During childhood, the fawn type frequently takes on the role of the parent, caring for the adults and the other children in the house.
They could also play the role of friend and confidant to their parent. These roles feel much safer than to be in the role of the child.
Once into adulthood, fawn types tend to get into codependent relationships.
They usually struggle to feel any sense of self.
If you asked a fawn type what they want, they’d struggle to give you an answer that doesn’t involve what someone they are close to wants.
Most people lean toward the survival mode that is most effective in keeping them feeling safe. Many people have a backup response when their go to doesn’t work.
For instance, if someone who is primarily freeze type still feels threatened, they may switch to fawn type with certain people as a secondary response. A flight type may default to fight type when flight is not effective for them in a certain situation.
You likely can remember times when you’ve utilized any number of these survival modes, but your trauma type is the one or two you tend to use the most.
So Why Does All of This Matter?
Regardless of what trauma type you most identify with, it is important to recognize that you did what you needed to do in order to survive.
No one spends large amounts of time in survival mode without having experienced significant feelings of fear of harm.
From this perspective, I can feel gratitude for my high school years when I was constantly struggling to stay present and focused. I may have felt like I wasn’t good at things, but I was doing the best I could in the situation.
Despite feelings of gratitude for my ability to survive, I also recognize how my survival mode interfered with my ability to function as a healthy adult (because I wasn’t actually a healthy adult).
It is difficult for us to switch out of survival mode after spending most of our life utilizing it to keep us alive.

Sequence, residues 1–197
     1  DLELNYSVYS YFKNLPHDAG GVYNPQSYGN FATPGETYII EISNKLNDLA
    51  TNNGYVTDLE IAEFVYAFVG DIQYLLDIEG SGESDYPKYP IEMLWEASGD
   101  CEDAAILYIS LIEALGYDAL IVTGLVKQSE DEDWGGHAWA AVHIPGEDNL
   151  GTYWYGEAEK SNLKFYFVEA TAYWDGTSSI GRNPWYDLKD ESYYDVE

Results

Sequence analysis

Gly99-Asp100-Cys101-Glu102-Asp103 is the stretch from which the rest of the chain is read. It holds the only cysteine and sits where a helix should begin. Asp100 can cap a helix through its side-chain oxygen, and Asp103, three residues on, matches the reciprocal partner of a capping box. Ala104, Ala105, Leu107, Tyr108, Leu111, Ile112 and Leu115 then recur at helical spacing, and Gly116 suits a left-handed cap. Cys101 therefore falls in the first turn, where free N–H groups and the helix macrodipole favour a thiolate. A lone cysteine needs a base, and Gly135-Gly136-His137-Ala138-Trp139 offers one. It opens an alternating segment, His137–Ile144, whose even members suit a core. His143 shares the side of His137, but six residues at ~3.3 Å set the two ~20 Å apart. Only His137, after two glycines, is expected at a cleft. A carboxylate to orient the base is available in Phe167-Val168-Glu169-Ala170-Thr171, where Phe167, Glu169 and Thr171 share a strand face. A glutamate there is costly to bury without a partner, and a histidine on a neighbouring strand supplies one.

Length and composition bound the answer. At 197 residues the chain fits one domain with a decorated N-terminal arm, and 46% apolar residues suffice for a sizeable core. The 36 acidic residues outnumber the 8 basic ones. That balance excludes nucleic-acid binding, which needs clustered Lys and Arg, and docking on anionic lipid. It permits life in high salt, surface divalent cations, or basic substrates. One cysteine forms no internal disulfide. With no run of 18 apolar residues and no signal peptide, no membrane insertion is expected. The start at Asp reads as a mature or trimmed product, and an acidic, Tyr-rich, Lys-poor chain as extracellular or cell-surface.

Many problems arise when we continue to live out our lives in survival mode when we are no longer in danger in the way we were growing up.
Our trauma type can become a barrier to building healthy relationships and understanding our role in the world around us.
It can prevent us from being able to respond to situations in a way that is helpful and effective.
Our trauma type can make processing emotions and controlling our emotions very difficult.
Our emotions control us instead of the other way around.
So often, we are thrown into emotional flashbacks and have no idea that we’re actually reacting to emotions we felt in childhood rather than reacting to the situation in the present.
There’s Hope For Healing
The good news is that with the right support, tools, and education, you can learn to stop getting hijacked by unconscious reactions.
Gaining awareness of how your childhood experiences are influencing you today can help you to stop feeling consumed with shame, start feeling self-compassion and self-acceptance, and improve your self-esteem.
Learning to recognize and avoid your common triggers can help you feel safe, secure, and empowered. This feeling of safety reduces your need to default to your trauma type.
A great place to start is Pete Walker’s book, Complex PTSD: From Surviving to Thriving. His book is by far the best tool I could recommend to anyone to start their healing journey.
If you decide to try counseling, make sure to find a counselor who understands the complexities of complex trauma and how effective treatment for C-PTSD is different in many ways from traditional counseling.
A Note From The Author:
How to Stop Getting Hijacked by Your Emotions: Discover Your Trauma Type
For those who are wanting additional support and want some additional tools, I am currently running a special offer on learning how to stop getting hijacked by your emotions. Click here for details.
About the Author
Candace Whitman is a Licensed Clinical Professional Counseling and is the owner of Wild Moon Counseling. She helps women recover from an unhealthy, abusive, or neglectful childhood.
For questions or to work with me, send me an email at Candace@wildmooncounseling.com